What’s a man to do?

Five years ago, Robin compiled a list of 100 fragrances every perfumista should try; most of those fragrances were for women (with some unisex perfumes and four masculines included too). Today, I’m presenting a list of 50* perfumes geared towards men, especially newcomers to perfume adoration…

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26 Vintage Fragrances Every Perfumista Should Try

Bourjois perfumes advertParfums Caron advert

[Ed. note: 5 years ago, I wrote an article called 100 Fragrances Every Perfumista Should Try. Every year since, it has turned out to be the most-read article on Now Smell This. I was less than satisfied with it when I published it, and 5 years on, it's really showing its age. This week, Angie and Kevin are adding to the fun with lists of vintage and men's fragrances respectively, and I'll be making some updates to my original article. Jessica will join in with a list of rose fragrances next month. Robin]

How to choose 25 vintage fragrances of the thousands of discontinued and reformulated perfumes out there? In compiling this list, I tried to choose fragrances that are important yet have changed substantially over time, or that have been discontinued yet left a significant mark in perfume or cultural history.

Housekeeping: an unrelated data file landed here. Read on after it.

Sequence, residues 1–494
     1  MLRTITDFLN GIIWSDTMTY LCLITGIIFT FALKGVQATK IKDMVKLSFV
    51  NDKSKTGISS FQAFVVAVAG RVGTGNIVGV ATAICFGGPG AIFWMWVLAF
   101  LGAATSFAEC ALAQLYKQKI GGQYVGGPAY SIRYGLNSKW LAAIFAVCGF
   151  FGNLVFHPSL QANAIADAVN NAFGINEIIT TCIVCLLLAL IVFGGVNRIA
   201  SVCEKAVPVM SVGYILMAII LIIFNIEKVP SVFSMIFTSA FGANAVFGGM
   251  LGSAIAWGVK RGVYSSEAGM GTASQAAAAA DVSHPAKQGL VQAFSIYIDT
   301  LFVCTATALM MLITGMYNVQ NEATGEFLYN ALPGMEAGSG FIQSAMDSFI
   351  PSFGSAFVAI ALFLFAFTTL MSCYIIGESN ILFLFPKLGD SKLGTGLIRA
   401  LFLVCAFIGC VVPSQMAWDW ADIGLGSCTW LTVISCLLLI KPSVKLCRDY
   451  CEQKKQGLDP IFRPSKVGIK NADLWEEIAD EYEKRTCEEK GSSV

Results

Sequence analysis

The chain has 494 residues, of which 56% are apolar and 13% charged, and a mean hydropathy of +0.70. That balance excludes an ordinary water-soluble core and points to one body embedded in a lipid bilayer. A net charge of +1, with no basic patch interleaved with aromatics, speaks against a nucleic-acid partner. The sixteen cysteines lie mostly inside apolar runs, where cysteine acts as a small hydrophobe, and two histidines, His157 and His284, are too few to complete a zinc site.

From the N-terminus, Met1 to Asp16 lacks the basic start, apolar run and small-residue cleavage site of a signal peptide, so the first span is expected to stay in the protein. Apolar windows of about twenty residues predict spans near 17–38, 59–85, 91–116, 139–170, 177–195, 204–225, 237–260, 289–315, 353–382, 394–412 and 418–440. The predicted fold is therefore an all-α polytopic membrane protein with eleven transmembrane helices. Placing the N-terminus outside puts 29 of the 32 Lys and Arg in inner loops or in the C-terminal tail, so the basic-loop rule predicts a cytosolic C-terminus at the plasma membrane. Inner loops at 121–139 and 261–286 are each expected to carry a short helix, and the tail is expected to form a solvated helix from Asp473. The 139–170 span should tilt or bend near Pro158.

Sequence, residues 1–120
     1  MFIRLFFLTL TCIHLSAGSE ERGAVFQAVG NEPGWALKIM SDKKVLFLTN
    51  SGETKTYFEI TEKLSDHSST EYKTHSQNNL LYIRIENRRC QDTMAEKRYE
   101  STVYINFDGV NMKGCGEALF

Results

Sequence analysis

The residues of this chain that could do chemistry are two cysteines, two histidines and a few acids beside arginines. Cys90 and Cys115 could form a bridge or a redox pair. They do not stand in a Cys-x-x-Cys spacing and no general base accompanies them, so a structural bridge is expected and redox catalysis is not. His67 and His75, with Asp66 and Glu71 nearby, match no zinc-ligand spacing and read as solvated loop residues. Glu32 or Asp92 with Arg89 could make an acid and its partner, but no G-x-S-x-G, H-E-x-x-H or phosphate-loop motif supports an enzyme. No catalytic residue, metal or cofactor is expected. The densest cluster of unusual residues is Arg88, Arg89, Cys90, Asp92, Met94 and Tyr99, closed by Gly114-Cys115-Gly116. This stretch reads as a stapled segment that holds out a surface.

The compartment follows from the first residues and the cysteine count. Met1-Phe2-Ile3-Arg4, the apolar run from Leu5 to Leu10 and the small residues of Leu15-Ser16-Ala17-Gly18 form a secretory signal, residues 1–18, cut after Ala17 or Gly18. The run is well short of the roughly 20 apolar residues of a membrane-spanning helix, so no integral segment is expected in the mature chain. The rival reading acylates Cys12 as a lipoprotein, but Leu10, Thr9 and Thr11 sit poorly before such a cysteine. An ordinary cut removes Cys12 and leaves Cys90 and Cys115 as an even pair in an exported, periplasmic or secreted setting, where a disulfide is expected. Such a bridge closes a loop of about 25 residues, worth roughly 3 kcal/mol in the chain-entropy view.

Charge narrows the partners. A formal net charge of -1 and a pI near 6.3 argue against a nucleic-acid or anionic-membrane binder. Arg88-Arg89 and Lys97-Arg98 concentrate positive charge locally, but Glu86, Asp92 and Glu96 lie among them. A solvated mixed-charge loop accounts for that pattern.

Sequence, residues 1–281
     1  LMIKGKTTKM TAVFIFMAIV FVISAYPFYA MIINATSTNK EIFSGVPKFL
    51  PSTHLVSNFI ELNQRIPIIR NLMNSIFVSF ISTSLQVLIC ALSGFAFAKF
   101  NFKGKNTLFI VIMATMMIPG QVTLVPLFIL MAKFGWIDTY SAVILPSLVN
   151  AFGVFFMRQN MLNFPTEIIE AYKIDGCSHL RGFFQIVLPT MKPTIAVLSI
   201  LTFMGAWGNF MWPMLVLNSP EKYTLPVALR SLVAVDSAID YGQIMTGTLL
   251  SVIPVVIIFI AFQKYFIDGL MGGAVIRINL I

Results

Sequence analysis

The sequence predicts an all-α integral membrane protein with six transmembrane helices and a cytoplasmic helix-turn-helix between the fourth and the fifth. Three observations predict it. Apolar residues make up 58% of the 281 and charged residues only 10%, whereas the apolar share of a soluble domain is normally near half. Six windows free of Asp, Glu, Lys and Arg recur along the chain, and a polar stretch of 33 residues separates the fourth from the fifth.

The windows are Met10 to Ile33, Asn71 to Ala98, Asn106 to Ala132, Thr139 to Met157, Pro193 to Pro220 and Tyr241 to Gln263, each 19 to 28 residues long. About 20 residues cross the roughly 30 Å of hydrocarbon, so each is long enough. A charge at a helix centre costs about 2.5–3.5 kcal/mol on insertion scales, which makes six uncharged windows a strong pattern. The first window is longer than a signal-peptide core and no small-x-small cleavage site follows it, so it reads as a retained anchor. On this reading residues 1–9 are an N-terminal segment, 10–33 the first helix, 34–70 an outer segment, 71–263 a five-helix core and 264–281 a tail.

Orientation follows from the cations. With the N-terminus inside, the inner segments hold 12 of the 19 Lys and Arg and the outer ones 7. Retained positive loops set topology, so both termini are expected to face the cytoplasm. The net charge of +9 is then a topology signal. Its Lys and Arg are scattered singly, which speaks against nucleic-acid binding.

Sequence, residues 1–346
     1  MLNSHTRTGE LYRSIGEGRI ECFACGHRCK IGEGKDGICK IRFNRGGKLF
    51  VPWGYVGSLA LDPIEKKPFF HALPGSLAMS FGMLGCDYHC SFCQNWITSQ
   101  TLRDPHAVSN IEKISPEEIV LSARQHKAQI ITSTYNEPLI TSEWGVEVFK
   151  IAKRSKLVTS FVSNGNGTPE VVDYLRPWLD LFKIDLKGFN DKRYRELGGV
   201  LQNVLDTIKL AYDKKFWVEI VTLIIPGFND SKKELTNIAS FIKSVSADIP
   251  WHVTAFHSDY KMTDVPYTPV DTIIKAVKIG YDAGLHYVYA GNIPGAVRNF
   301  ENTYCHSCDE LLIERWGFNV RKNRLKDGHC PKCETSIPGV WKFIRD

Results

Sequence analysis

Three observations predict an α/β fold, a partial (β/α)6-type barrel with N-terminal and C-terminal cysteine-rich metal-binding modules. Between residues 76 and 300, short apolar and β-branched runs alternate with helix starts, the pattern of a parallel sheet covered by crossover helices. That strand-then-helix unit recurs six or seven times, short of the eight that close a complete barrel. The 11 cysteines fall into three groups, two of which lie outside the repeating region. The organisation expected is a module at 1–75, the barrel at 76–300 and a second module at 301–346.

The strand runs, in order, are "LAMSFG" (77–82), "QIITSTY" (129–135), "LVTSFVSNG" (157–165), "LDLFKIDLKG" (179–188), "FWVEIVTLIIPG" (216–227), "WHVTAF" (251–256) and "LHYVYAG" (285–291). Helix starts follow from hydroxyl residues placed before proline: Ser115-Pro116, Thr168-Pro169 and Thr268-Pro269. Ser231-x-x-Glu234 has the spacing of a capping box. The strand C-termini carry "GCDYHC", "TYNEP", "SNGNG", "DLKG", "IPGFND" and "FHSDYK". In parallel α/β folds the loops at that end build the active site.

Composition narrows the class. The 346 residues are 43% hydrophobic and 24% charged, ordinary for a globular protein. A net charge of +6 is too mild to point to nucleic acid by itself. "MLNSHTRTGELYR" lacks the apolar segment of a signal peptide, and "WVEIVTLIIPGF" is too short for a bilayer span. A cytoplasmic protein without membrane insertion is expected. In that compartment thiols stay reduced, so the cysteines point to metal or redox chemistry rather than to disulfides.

For instance, Guerlain Shalimar, while a landmark fragrance, is all right in its current incarnation, so I don’t mention it. Chanel No. 5 and Patou Joy have been monkeyed with, but they’re still recognizable (although real fans may want to hunt down the older versions). On the other hand, Lanvin Arpège is a whole new story these days. I aimed for perfumes that will add to your olfactory knowledge, even if you don’t love them. I also included a few that are just plain wacky and, I think, deserve a sniff.

So, let’s go. In alphabetical order:

1. Balmain Jolie Madame

A tough Germaine Cellier sharp green-violet-leather that is still in production, yet has lost its teeth over the years. In molding Jolie Madame to the times, her fusty goodness has been smoothed away…

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The long haul perfumista ~ a not-rant and a quick poll

Way back in 2007, Angie wrote a great post called Becoming a perfumista, in which she identified four stages of perfumista-hood. Many of you will recognize the symptoms: strong interest (stage one), beginning perfume mania (stage two), full-blown perfume mania (this is stage 3, and for many of us, it’s when we drain our bank accounts) and connoisseurship (stage four).

A bit later that same year, while reviewing Gucci by Gucci, I added a stage five, which I called rampant cynicism:

This comes, I think, of already owning enough perfume to scent a small town for the foreseeable future, and then not only looking for more fragrances that you might conceivably love and want to own, but also trying (in vain) to keep track of all the new perfume releases and to smell as many of them as you can possibly manage. You can tell you’ve reached stage five when almost everything you read about a new fragrance makes you either laugh out loud or roll your eyes, depending on your mood.

In other words, it’s when you start to get jaded, and I think it’s a natural reaction to trying to search out the gems among the ongoing lunacy of 1500+ new fragrance releases a year. Perhaps it’s also a natural byproduct of blogging, and especially of blogging about new fragrances…